This collection offers original, state-of-the-art contributions from leading authorities in children's televisual media. International researchers from communication and psychology provide readers with ready access to current televisual research, trends, and policymaking/political climate issues pertaining to children. This second edition provides a current summary of studies on content, viewing patterns, comprehension, effects, and individual differences in instructional and educational programming, televisual entertainment and violence programming, and televisual advertising to children. Editors Edward L. Palmer and Brian M. Young have structured the volume into three sections examining the "faces" of television: the Teaching (instructional/educational) Face, the Violent Face, and the Selling (advertising) Face. Chapters within each section identify and focus recurrent themes while integrating them topically into a coherent whole. Each area incorporates new technologies and considers their potentials, effects, and future. Subjects featured in the various chapters include: *cross-cultural and historical comparisons with an in-depth perspective on the BBC and other European/Asian televisual media roots, as well as America's formative televisual media roots; *an examination of key differences between developed and developing countries; *implications of emerging instructional/educational media for children's education--addressing both cognitive and multi-ethnic aspects; and * prominent, informed challenge to the prevailing popular view that children are unaffected and unharmed by exposure to media violence. This volume informs ongoing debates across a broad spectrum of current, critical issues, and suggests avenues for future research. It is pertinent and provocative for the most sophisticated scholar in the field, as well as for students in areas of developmental or social psychology, communication, education, sociology, marketing, broadcasting and film, public policy, advertising, and medicine/pediatrics. It is also appropriate for courses in children, media, and society.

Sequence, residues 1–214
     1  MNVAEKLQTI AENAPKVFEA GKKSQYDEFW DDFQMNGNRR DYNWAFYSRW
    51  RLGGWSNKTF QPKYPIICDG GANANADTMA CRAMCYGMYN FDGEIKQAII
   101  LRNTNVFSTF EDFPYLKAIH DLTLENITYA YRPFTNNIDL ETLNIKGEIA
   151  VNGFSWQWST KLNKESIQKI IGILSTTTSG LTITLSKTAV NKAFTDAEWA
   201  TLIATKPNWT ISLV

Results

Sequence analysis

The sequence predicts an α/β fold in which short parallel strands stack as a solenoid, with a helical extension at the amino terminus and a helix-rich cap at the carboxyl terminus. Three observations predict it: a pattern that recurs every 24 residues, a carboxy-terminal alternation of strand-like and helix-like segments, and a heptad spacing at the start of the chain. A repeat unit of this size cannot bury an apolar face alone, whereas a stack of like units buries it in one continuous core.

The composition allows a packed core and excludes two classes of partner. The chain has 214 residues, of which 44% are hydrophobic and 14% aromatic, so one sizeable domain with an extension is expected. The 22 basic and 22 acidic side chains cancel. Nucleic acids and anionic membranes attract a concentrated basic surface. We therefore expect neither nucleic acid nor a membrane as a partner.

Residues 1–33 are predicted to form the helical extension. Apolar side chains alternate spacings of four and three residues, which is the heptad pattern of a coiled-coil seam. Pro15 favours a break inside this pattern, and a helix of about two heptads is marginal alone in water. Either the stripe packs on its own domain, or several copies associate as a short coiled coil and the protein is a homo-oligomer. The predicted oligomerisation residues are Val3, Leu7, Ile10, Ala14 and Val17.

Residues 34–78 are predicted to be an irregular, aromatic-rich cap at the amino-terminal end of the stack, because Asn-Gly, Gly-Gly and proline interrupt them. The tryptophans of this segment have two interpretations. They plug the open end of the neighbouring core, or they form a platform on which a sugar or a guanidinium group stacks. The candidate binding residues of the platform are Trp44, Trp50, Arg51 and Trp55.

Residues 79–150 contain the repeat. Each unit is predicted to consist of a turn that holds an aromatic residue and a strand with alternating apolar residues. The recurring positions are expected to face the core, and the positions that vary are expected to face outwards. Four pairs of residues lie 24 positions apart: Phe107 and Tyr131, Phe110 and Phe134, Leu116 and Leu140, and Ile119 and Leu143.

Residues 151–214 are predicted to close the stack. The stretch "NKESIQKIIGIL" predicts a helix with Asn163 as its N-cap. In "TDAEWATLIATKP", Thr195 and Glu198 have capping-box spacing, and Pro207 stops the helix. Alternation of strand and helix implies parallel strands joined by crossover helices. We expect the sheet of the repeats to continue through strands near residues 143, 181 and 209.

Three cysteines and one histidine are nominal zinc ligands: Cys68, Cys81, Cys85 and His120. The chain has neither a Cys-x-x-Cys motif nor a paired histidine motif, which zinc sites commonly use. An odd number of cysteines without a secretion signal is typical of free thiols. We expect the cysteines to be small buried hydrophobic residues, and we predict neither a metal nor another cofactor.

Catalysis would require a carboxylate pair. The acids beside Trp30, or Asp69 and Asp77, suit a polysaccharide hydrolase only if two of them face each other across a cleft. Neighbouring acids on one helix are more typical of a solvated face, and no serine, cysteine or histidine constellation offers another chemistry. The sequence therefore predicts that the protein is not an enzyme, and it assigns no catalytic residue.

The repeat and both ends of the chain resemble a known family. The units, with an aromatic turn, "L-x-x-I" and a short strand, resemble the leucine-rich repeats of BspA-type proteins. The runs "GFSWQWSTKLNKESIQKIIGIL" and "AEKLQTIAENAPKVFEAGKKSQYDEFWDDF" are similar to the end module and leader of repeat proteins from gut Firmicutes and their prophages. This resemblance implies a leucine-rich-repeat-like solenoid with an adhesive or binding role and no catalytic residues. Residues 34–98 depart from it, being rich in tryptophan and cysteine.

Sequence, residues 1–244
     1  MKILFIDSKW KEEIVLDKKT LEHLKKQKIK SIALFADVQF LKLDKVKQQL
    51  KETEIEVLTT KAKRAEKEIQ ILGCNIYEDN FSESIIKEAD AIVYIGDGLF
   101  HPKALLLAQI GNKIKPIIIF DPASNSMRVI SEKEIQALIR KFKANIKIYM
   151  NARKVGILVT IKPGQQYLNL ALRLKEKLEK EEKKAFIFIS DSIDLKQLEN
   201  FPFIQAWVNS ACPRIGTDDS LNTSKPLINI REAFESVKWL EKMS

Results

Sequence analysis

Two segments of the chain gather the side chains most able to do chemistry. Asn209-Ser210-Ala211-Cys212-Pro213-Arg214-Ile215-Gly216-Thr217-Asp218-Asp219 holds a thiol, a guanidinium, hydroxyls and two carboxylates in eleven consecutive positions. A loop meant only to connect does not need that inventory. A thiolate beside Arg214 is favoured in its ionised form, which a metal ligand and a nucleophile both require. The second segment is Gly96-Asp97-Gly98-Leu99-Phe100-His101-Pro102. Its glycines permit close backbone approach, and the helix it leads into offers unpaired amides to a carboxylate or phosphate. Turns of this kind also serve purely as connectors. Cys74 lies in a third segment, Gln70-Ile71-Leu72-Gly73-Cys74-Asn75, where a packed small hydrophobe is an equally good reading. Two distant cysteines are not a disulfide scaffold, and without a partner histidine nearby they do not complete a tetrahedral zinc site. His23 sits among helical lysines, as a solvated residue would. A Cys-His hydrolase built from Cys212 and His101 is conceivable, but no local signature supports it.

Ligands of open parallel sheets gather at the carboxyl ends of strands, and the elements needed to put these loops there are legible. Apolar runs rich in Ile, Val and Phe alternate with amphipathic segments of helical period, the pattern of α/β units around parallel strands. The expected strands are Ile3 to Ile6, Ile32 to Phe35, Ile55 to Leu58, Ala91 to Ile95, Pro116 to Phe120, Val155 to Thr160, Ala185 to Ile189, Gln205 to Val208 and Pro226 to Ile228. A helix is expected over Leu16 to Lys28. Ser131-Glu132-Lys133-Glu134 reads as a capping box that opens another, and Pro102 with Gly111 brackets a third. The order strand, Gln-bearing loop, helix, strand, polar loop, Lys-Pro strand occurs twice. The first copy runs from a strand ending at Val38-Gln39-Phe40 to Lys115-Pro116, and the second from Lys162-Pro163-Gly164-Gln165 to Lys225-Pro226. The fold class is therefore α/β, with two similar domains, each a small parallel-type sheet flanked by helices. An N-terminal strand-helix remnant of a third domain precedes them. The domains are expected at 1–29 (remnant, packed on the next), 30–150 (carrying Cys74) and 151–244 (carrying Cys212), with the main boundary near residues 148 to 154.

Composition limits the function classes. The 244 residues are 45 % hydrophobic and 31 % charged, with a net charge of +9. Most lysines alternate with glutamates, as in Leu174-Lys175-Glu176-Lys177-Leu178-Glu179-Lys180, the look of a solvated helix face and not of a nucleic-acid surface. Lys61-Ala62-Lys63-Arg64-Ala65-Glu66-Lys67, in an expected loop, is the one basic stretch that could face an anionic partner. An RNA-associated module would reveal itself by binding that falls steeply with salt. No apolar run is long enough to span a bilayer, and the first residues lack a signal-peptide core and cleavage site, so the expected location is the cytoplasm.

United States. Congress. House. Committee on Energy and Commerce. Subcommittee on Telecommunications and the Internet
A View from Government Officials : Hearing Before the Subcommittee on Telecommunications and the Internet of the Committee on Energy and Commerce, House of Representatives, One Hundred Ninth Congress, First Session, April 27, 2005
Author: United States. Congress. House. Committee on Energy and Commerce. Subcommittee on Telecommunications and the Internet
Assembles the important writings on advertising and society. This title includes 27 essays which provide readers with the some of the best-known writings on the nature, process, and social implications of advertising and consumer culture for society.
From McGraw-Hill Comtemporary Learning Series (formerly known as McGraw-Hill/Dushkin), this fourth edition of TAKING SIDES: ABNORMAL PSYCHOLOGY presents current controversial issues in a debate-style format designed to stimulate student interest and develop critical thinking skills. Each issue is thoughtfully framed with an issue summary, an issue introduction, and a postscript. An instructor’s manual with testing material is available for each volume. USING TAKING SIDES IN THE CLASSROOM is also an excellent instructor resource with practical suggestions on incorporating this effective approach in the classroom. Each TAKING SIDES reader features an annotated listing of selected World Wide Web sites and is supported by our student website, www.mhcls.com/online.